Versailles, 9 June 2022 – The legal battle initiated by the associations to force Bolloré to remedy the human rights violations denounced in the context of the activities of the Cameroonian subsidiary Socapalm is still ongoing. The appeal judge once again ruled in favour of the associations: one more step for the victims.
In 2010, Sherpa had referred to the OECD’s non-judicial mechanism (National Contact Point) regarding the activities of Socapalm – the Cameroonian palm plantation indirectly owned by SOCFIN, itself owned by Bolloré – concerning social, environmental and land issues affecting local communities and workers. At the end of the mediation before the NCP, Sherpa and Bolloré agreed on an action plan, under which Bolloré committed to exerting its influence to remedy these problems on and around the plantations.
As Bolloré finally announced that it would not implement the plan, it remained unimplemented. Sherpa and the organisations ReAct, GRAIN, FIAN-Belgium, Bread For All, SYNAPARCAM, FODER, SNJP, the Amicale des Riverains d’Edéa and the SATAM trade union then decided to take the multinational to court in 2019 in order to demand its forced execution.
After a first victory in 2021, the judge again rejected the claims made by Bolloré on procedural grounds. The associations relied on the agreement and the NCP mediation, but the multinational argued that the judicial procedure violated the confidentiality principle of mediation. The associations recalled that a mediated agreement is not confidential when the objective is to obtain its forced implementation. The appeal judges again rejected the request for nullity made by Bolloré on this basis.
This decision is a further step towards the implementation of the action plan by Bolloré, and therefore towards the long-awaited improvement of the living conditions of the affected communities. In addition to the years of negotiations before the NCP, through procedural arguments, Bolloré hasbeen delaying for the past 3 years the substantive debates on its responsibility. Bolloré however managed to exclude from the legal action SATAM and Bread for All, on the grounds that they had not respected certain formal requirements.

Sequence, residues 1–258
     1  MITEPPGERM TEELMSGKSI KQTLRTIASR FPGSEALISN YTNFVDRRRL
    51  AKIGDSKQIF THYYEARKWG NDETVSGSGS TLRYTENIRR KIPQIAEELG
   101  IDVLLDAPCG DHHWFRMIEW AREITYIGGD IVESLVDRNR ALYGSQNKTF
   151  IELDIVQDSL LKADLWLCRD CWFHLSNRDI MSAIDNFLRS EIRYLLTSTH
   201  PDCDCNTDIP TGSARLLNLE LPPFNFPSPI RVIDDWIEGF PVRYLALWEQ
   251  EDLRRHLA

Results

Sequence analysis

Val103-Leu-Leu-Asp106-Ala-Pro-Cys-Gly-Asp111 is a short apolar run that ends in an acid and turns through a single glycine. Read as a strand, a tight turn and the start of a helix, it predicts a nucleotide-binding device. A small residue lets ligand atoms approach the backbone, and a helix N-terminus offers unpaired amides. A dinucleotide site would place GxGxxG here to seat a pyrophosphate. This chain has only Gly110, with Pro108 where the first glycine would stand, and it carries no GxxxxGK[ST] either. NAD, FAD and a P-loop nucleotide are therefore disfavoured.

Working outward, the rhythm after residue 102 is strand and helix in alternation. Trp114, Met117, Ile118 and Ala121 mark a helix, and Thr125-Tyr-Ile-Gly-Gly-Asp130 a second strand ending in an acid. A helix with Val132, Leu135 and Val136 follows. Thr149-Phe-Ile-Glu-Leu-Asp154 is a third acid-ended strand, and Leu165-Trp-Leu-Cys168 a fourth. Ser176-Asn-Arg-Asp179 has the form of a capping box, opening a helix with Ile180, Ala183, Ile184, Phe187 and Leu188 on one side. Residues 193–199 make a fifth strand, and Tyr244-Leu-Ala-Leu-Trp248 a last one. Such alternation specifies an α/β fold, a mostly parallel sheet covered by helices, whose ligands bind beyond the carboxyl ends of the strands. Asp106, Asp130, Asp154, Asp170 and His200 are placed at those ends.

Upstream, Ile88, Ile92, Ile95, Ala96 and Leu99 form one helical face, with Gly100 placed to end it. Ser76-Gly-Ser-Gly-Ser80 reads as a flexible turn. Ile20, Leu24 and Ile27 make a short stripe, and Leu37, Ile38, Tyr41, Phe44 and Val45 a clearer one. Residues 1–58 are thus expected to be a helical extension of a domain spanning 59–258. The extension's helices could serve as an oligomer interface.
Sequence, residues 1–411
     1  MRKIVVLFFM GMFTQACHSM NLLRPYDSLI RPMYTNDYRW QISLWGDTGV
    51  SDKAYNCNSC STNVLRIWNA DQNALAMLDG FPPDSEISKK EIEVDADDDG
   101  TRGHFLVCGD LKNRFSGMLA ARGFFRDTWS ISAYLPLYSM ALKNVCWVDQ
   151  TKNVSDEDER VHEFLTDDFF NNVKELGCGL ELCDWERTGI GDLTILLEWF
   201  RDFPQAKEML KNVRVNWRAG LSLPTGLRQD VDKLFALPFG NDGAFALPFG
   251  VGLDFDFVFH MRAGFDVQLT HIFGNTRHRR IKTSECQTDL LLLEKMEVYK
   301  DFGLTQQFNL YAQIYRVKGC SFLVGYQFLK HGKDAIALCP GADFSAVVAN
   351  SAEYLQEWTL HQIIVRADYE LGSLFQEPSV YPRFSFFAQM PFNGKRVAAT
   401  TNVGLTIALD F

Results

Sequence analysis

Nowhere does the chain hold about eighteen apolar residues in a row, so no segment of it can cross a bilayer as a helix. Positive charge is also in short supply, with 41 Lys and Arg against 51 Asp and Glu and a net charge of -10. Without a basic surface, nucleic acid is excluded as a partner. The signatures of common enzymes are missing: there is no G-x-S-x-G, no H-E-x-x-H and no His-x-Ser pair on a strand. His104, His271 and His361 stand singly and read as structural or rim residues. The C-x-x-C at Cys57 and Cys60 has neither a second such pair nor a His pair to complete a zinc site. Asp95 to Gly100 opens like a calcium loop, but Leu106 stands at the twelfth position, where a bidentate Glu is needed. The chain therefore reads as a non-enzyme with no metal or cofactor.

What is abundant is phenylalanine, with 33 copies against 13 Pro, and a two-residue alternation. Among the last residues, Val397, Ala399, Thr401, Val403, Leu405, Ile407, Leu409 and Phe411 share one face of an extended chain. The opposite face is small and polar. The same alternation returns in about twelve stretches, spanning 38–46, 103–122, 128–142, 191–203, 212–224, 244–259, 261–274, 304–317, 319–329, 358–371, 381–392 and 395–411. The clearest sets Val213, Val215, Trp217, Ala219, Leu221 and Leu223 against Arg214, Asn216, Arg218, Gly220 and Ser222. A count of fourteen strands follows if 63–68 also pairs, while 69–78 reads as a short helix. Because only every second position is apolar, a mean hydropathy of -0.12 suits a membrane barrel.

Sandra Cossart, Sherpa’s Executive Director, said: “For years, Sherpa has denounced the lack of guarantees that characterise soft law and amicable redress mechanisms and has advocated the use of binding remedies to force companies to respect human rights. This decision is a step in the right direction: it preserves the possibility for victims to have recourse to the judge if an agreement resulting from a NCP mediation is not implemented by the company involved.”
For Emmanuel Elong, SYNAPARCAM: “The respect of the commitments made by the Bolloré group during the negotiation of the action plan is essential for the improvement of the living conditions of the local communities and workers of Socapalm, who still need assistance”.
For Rodrigue Ngonzo, of FODER: “Respect for human rights and the environment is a non-negotiable obligation with which any company must comply. Bolloré must ensure that Socapalm’s activities contribute to improving the living conditions of the local populations by maintaining a healthy environment, and not to degrading them as it has been observed in southern Cameroon”.
Press release from:
FODER : Forêts et Développement Rural
HEKS – EPER
L’Amicale des villages riverains de la plantation Socapalm EDEA
SATAM : Syndicat Autonome des Travailleurs de L’Aagriculture du Moungo
SNJP : Service National Justice et Paix
SY.NA.PA.R.CAM : La Synergie Nationale des Paysans et Riverains du Cameroun
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